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On a Boat: Cooking In Rough Weather

By: Jeff Durham - Updated: 21 Sep 2010 | comments*Discuss
 
Boat Weather Cook Cooking Galley Manage

The galley of a boat is usually quite small and it’s often quite difficult to master the art of cooking on a boat even when the weather’s fine and the water is calm if you’re not used to it. However, when the weather gets rough, particularly out at sea, then you’re still going to have to eat so it’s important that you adopt some useful practices so that cooking on a boat isn’t going to faze you when the boat starts pitching from side to side or starts bobbing up and down.

Keep Your Galley Organised

A good galley should be well organised at all times and preparation is the key. Make sure that all of the utensils you are going to need are secured in cupboards so that they are not going to fall out on top of you when you open them. Any items that you hang up above you should also be secured so that they cannot fall on top of you.

All cooking items and food should be stowed away in areas where you can access them easily from the galley itself. You won’t want to be running around other areas of the boat looking for stuff when the weather’s bad and the boat is pitching this way and that. A good way of keeping on top of things is to make an inventory so that you know what you’ve got and where you keep it. It also makes sense to keep all of the things which you’d group together –pots and pans, for example – in one specific cupboard and know what is kept in each cupboard.

Don’t Compromise On Safety

Make sure your galley is properly rigged out with all the necessary safety features. This may cost you a little more and take up more time at the outset but it will not only save you a lot of annoyance later on, it could also save you from getting scalded or, worse still, setting the boat alight. Therefore, you should make sure there are sufficient handholds in the galley and that your stove has been clamped down.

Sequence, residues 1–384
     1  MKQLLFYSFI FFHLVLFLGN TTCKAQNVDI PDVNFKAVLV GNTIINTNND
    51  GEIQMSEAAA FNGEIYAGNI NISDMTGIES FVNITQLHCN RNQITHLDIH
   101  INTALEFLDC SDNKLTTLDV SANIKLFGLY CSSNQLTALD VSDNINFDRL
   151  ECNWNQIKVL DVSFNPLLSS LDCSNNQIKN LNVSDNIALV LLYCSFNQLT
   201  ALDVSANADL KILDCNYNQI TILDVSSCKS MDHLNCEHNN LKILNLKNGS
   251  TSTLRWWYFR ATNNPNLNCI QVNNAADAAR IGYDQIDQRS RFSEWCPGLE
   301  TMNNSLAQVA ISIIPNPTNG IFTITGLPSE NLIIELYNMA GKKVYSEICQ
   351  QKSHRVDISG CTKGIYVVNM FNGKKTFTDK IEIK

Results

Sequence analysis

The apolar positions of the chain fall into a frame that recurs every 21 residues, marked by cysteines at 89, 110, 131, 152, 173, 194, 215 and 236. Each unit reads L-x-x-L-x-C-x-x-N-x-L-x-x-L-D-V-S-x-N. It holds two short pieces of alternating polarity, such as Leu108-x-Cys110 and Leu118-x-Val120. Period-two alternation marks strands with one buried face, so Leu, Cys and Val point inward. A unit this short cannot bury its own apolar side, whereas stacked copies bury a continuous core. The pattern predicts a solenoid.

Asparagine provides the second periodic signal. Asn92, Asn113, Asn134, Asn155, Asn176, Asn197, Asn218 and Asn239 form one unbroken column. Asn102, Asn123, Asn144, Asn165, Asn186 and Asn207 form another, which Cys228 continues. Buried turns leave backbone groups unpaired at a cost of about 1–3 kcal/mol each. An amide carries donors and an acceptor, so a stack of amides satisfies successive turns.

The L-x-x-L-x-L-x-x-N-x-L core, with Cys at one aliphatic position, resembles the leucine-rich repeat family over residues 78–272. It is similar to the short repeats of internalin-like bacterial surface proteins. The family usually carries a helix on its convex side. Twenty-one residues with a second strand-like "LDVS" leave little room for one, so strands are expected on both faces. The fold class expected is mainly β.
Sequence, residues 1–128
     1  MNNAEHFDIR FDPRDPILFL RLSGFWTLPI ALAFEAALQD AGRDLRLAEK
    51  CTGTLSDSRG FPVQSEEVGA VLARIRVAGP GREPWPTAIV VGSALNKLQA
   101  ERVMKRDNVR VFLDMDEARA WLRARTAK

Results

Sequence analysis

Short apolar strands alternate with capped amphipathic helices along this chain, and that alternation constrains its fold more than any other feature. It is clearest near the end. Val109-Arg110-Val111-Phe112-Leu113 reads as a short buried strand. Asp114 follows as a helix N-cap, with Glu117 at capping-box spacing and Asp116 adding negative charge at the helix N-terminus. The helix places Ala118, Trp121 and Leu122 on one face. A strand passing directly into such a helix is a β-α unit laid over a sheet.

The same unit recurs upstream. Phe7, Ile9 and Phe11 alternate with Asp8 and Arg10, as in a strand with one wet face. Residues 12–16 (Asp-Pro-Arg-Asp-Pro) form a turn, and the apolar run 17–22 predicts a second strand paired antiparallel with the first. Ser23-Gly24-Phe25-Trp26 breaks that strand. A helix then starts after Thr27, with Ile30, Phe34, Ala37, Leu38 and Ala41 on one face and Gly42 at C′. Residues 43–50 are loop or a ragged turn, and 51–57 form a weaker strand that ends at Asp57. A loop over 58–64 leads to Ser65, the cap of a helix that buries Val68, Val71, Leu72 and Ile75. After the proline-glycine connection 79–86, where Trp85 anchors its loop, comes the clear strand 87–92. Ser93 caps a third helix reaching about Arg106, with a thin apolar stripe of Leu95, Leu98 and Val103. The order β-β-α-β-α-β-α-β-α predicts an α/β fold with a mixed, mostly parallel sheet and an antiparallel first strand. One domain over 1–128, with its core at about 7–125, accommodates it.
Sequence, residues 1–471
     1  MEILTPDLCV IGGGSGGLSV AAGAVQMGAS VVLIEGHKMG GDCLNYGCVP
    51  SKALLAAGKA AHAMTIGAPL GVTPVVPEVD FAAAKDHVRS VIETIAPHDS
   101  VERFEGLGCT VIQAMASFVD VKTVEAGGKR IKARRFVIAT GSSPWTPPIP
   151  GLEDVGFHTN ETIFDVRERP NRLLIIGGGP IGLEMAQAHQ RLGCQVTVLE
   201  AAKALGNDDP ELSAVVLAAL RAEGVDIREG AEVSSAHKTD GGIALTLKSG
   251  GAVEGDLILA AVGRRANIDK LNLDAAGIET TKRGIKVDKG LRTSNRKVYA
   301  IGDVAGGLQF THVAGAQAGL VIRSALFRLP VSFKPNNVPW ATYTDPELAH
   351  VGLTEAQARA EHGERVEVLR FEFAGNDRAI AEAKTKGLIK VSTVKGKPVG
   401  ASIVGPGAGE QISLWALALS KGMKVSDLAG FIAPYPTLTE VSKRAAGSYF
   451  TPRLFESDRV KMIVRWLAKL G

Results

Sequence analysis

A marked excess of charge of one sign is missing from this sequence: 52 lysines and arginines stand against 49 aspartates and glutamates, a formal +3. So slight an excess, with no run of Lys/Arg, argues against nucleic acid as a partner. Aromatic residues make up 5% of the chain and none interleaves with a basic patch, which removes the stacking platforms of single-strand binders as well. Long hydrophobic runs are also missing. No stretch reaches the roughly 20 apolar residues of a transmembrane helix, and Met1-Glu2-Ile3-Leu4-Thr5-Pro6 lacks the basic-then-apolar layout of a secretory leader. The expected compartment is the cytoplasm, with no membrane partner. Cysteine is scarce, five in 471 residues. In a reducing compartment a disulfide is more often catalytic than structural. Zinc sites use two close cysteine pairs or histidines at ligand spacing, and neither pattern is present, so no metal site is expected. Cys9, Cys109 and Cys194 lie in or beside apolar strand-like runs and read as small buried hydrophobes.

You should also ensure that you have clamps fitted so that pots and pans can’t fly off in rough weather as well as making sure that they have lids securely fastened to them so that hot water and other fluids cannot fly out and scald you.

Buy things like non-slip mats to stop bowls and other utensils from flying around once you’ve served the meal up and keep meals simple in bad weather. Having to manage a soup or hot bowl of stew is not an ideal choice when the boat is going to be pitching from side to side.

Staying Calm And The Importance Of Organisation

One of the main causes of accidents when it comes to boats and cooking is down to the cook becoming irritable when the weather’s bad which makes cooking a rather thankless task. Therefore, the more organised you are the better. Things like finding the cooking oil is almost empty when you want to fry something or you’ve run out of other essential ingredients can start to make a cook lose their cool at the best of times but even more so when you’re cooking on a boat in rough weather. Therefore, always stay organised and keep essential ingredients topped up.

Keep The Galley Clear

Leave the cook to the cooking and don’t go near the galley unless you’re called to assist. As mentioned, galleys tend to be cramped anyway and in rough weather in particular, the more distractions there are in this tiny space, the more chance of an accident occurring. And, if you are the cook and you start to feel a bit overwhelmed, take a breather and get out of the kitchen and get some fresh air for a while.

Try And Predict Ahead

As a boat enthusiast, the weather forecast is something you’re more likely to take more of an interest in than you would, perhaps, otherwise ordinarily do. Therefore, before you’ve even hit bad weather, make some preparations with regards to cooking. Get things like paper plates ready. Why not do away with the stove altogether until the worst of the weather has passed? It won’t do you any harm to prepare and live off sandwiches and snacks for one or two meals.

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